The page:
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The College of Nursing and Health offers a four-year program leading to the Bachelor of Science in Nursing degree (B.S.N.). Graduates are eligible to sit for the National Council Licensure Examination for Registered Nurses (NCLEX-RN).
Nurses care for individuals and families from birth to death in local as well as international communities. Workplace environments can include newborn nurseries to elderly care facilities and school clinics to the World Health Organization. A nursing education prepares you to participate in research to improve the health of people and/or improve health care practices.
The college has contracts with over 200 agencies in the area including hospitals, rehabilitation centers, county health departments, nursing homes, school systems, senior citizens centers, and daycare centers which can be used for clinical experiences and/or research. Students are introduced to the varied aspects of nursing through theory and research in the classroom. Outside the classroom, students will have clinical experiences in health assessment, maternity, pediatrics, adult health, community health, mental health, and complex care settings. Nursing students complete over 950 hours in clinical practice, laboratory, and simulated settings. Based on space availability, classes and clinical experiences may be offered days, evenings or weekends.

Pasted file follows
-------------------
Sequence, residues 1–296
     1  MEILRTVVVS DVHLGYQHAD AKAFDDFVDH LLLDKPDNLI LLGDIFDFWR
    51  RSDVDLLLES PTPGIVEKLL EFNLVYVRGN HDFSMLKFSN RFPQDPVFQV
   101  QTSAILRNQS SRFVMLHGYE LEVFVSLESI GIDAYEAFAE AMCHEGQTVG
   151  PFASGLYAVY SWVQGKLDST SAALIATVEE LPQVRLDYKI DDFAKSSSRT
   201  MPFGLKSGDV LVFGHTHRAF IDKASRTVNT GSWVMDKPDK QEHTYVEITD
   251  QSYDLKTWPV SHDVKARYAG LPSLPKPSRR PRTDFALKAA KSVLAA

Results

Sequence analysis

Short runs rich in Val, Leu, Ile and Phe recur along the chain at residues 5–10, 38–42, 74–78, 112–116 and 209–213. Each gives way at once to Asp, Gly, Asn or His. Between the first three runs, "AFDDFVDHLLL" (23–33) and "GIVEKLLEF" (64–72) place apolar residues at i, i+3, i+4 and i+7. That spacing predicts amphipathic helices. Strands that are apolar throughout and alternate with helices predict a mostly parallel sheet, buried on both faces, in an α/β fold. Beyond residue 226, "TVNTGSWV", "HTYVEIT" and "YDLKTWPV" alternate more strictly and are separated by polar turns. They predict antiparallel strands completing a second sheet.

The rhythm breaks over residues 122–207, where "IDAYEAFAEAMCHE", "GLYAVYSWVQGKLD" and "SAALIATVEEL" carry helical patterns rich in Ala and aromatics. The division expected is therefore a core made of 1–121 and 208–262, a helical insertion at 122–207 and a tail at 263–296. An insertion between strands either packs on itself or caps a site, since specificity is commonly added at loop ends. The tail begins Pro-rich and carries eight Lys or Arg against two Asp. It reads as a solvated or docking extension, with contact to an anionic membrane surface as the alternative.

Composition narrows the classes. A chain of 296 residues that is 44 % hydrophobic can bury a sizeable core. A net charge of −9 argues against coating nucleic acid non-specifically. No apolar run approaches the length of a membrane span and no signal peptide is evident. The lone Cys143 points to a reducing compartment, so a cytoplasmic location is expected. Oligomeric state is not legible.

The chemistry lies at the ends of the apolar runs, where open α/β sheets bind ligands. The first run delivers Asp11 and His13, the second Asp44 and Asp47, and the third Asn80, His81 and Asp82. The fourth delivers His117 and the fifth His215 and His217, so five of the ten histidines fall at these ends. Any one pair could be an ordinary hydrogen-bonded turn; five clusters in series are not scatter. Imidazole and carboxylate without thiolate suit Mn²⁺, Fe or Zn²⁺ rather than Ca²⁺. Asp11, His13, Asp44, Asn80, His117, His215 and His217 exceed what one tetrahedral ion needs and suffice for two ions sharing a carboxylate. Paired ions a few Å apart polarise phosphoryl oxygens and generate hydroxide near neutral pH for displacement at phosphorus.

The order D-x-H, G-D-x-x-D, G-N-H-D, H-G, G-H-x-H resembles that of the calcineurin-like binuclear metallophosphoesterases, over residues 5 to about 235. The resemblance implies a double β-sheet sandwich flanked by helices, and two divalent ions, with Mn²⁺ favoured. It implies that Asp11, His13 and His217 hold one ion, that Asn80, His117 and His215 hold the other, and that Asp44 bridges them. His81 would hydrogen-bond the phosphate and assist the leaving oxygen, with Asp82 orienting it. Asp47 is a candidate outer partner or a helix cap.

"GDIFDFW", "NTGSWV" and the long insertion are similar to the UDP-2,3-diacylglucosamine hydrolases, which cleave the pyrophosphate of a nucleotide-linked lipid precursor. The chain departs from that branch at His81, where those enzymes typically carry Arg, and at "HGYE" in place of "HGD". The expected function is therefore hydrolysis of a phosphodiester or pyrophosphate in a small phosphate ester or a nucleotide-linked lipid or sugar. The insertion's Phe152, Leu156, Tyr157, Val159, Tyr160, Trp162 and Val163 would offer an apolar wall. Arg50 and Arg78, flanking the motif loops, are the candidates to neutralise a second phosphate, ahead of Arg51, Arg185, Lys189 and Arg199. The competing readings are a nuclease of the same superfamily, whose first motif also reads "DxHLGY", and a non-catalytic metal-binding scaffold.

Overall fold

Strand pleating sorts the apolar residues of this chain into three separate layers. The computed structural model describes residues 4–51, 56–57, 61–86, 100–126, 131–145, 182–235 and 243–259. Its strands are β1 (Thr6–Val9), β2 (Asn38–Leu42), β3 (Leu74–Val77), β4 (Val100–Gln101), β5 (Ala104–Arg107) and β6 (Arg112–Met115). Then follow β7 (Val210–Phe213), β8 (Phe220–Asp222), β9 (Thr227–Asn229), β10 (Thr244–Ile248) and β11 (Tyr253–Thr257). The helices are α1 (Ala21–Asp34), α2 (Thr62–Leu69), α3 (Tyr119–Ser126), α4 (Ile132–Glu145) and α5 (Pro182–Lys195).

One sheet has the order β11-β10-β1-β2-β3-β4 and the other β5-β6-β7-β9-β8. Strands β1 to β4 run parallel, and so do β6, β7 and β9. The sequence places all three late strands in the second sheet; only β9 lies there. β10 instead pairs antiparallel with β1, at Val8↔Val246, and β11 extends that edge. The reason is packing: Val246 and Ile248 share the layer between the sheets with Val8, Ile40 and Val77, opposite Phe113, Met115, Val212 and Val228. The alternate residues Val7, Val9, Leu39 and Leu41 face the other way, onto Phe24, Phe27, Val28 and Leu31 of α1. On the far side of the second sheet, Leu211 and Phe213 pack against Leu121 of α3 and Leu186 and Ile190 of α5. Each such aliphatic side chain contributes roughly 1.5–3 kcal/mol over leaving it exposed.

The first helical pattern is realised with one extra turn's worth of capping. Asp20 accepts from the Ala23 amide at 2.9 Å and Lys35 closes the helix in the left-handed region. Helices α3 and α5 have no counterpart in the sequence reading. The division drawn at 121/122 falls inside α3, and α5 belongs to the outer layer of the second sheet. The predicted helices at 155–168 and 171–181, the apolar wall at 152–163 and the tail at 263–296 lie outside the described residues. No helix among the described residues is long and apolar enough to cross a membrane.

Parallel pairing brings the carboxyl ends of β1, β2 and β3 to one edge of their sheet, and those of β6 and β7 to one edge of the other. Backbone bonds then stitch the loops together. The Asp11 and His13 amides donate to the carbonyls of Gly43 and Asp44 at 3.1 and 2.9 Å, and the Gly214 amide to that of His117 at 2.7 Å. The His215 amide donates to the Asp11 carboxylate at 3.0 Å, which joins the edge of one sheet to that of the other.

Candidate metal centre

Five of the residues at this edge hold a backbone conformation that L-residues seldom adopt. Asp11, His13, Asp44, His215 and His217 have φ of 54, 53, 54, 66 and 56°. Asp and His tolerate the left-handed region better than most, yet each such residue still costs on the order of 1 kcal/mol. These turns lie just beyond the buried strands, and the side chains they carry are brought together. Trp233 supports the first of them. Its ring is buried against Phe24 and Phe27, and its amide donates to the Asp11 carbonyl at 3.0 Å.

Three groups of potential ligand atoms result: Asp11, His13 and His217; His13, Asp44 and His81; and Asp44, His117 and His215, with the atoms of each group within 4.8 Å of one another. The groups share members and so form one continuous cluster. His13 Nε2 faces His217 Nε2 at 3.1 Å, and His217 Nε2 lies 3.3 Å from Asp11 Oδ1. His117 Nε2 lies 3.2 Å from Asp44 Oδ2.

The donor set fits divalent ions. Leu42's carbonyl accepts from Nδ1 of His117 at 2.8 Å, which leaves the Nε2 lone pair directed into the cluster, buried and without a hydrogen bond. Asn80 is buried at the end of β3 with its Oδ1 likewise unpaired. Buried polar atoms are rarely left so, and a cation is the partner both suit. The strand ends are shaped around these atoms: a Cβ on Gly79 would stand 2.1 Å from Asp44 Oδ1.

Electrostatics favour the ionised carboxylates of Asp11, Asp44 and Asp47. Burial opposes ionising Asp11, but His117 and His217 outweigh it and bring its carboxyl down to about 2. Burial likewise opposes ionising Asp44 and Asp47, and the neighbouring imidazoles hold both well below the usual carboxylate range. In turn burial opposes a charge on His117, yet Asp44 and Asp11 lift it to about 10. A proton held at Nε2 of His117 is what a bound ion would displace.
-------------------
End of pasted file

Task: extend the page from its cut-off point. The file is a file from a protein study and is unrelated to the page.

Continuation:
View Bachelor of Science in Nursing program information, all degree requirements, and graduation planning strategy in the Academic Catalog.
All students admitted to the nursing program prior to Spring 2017 should review the posted undergraduate student handbook (PDF) for their pattern and program of study.
The Wright State University College of Nursing and Health undergraduate nursing program leads to a Bachelor of Science in Nursing (B.S.N.) degree. An honors program is available for students with superior academic ability.
The program offers three on-campus pre-licensure pathways to the B.S.N. based on student qualifications: (1) the traditional pathway for students who are admitted to the program in their sophomore year or direct admit from high school pathway, and (2) the alternative pre-licensure pathway for students who have prior health care-related experience/training including but not limited to military medical training, Emergency Medical training (EMT), training as a Licensed Practical Nurse (LPN), or students holding a bachelor of science degree and also have direct patient care experience. Options 1 is offered both at the Dayton and the Lake campuses. Option 2 is offered on the Dayton campus only.